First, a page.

For a long time it has been a standing joke around here that I’m going to buy a bicycle “soon.” I’ve been saying it for over a year, and somehow never got around to it. Finally I decided to put words into action. I went out with some coworkers at lunchtime on Thursday and visited three different shops with used bikes, but didn’t find anything I liked. So yesterday I went over to Carrefour and joined the ranks of two-wheeled human-powered commuters.
I was looking at all the different models at the store, and a guy in a yellow jumpsuit who had been assembling the new arrivals came to help me. He told me the one I was looking at (which was one of the cheapest) was “not very strong” and that another one (only slightly more expensive) was better. He suggested I try it out, so I hopped on and rode around the store. It’s a big department store – think of a K-Mart or WalMart or the like – and it’s pretty busy on the weekends, so it was tricky navigating around shopping carts and customers.

I then pointed out another one, and he said it was a good one. I took it for a spin and decided it would work. He asked if I wanted a basket, which I did, so I went and picked out a basket, bell and lock (all sold separately). While he installed them on the bike, I took the bar code tags to the cashier to pay.

Like many retail transactions involving more than a small amount of money, this one turned out to be a little adventure. I had to wait for a single cashier to take care of several people in line at a leisurely pace. When I got to the front, the real trouble began. The bar codes wouldn’t scan. She unplugged the scan gun and reattached it, to much beeping and clicking. She tried scanning again. She opened up the printer and looked at what was on the receipt. She unplugged the gun again. More beeps and clicks. Finally she announced a total which was pretty close to the rough math I had done in my head. I handed over some cash. She entered my amount incorrectly into the computer and gave me too much change. By this point I was ready to move on, so I didn’t say anything and she moved on to the next person in line.

I looked at my receipt and noticed that the bike was listed (good), the bell was listed three times (all those beeps), the basket was on there twice (hmmm) and the lock not at all. The total was actually a little less than it should have been, but I was afraid that when the security guy checked the receipt at the exit, I would have a problem.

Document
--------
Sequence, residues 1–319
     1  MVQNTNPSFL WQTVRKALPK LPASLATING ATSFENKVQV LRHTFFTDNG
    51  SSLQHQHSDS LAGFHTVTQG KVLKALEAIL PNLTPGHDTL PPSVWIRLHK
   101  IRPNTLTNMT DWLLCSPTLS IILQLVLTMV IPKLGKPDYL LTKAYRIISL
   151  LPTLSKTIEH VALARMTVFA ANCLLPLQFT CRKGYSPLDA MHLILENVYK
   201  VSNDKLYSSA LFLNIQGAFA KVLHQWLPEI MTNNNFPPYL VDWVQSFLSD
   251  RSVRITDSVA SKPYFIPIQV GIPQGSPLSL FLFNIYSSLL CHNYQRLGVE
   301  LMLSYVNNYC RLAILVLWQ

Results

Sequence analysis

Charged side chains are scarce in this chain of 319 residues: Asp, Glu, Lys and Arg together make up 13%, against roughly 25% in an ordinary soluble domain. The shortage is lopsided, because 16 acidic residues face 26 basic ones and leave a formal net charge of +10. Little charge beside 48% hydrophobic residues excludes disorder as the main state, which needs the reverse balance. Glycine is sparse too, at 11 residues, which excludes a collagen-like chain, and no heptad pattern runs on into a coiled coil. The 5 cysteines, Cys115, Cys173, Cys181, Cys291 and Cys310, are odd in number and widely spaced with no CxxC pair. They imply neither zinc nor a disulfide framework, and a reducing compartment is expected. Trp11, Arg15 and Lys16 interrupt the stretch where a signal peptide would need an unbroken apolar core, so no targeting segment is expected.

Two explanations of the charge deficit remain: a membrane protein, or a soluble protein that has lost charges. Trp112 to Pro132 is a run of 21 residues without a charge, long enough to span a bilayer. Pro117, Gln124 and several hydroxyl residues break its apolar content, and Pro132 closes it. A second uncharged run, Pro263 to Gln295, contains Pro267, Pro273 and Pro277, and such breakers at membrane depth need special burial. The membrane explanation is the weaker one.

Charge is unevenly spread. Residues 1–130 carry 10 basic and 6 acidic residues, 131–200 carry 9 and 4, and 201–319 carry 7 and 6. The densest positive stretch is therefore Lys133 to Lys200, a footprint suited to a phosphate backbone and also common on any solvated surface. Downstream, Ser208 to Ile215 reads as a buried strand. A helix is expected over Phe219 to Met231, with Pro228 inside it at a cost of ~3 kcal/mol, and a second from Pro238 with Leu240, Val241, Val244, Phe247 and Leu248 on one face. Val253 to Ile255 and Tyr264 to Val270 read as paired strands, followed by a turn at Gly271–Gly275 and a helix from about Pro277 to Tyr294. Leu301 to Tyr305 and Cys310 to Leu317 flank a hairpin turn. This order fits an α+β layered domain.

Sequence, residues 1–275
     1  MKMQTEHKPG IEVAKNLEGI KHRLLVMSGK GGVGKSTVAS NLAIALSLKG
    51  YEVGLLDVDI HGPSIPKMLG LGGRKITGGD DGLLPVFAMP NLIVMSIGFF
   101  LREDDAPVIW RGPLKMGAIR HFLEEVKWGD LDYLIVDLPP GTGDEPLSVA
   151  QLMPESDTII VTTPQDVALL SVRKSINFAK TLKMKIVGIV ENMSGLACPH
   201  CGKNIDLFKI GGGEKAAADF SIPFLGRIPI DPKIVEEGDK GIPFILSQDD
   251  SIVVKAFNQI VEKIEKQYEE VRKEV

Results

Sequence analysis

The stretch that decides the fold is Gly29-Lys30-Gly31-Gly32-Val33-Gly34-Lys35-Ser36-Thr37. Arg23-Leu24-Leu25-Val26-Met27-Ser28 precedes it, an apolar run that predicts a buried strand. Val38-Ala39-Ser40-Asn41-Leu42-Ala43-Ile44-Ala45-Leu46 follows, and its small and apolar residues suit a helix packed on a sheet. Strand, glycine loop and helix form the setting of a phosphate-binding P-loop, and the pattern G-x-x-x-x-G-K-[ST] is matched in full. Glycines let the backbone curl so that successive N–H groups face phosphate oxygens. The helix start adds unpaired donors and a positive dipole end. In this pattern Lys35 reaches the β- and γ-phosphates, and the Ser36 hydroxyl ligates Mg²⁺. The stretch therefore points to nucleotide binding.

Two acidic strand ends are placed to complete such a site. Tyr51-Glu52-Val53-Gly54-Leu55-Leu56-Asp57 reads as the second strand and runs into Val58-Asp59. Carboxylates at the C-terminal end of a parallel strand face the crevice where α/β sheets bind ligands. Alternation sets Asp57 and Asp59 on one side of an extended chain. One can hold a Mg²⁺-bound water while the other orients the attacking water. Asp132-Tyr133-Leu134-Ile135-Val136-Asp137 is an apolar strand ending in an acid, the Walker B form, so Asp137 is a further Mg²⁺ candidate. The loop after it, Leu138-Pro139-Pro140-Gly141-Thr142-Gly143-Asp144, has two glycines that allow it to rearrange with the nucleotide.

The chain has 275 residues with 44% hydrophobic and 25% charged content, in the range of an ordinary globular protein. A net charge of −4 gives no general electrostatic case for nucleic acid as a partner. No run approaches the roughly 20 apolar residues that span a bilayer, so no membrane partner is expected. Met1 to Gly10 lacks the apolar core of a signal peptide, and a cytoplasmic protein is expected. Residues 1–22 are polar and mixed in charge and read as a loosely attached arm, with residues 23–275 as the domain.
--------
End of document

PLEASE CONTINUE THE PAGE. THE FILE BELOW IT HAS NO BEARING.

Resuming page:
So I got back in line, waited some more, and showed her the six items on the receipt instead of the four I had. She looked at it and did some math, then went on a lot in Chinese. I only understood a little of it, but the basic drift was that it was close enough and I should just accept it. What the heck – I can always play dumb foreigner if there’s a problem.

So I made my way back to the bicycle department and the guy in the yellow jumpsuit was nowhere to be found. I was hoping he would be able to adjust the seat height for me. I hung around for a bit without finding anyone to help me, so I tossed the lock into the basket and wheeled my purchase out of the store.

At the exit, the guard gave my receipt a cursory glance and put his little red stamp on it.
It’s a Mantx City Cycle, made in Tianjin by Gamma Cycle Ltd. Only one speed. It’s pretty typical of what you see around town. I have no idea if Mantx is supposed to mean anything.

I hopped on and rode it home. Within a few minutes it started sprinkling, and I thought maybe it would have been a good idea to get the poncho at Carrefour while I was there. Luckily the sprinkle didn’t get worse, so I was only mildly soaked by the time I got home.

Anyway, the total bill came to ¥419.50, about $61 US, which saved me about a dollar over what they should have charged.


  1. Yeah I hate those big department stores where you have to go somewhere else to pay and always worry if the guy is still there by the time you get back from the mini excursion to the cash desk.

    Great set of wheels though. I went the easy route and bought an electric scooter which is SO much fun in summer and unusable in winter in Shanghai - brass monkey time.

  2. Electric scooter, AKA electric bicycle, known among pedal-powered riders and pedestrians alike as "silent killers"! I've had so many close calls with people on these things I can't even count them. You can't hear them coming up behind you, and most of their riders seem to be allergic to using their horns or beepers or bells or whatever they have.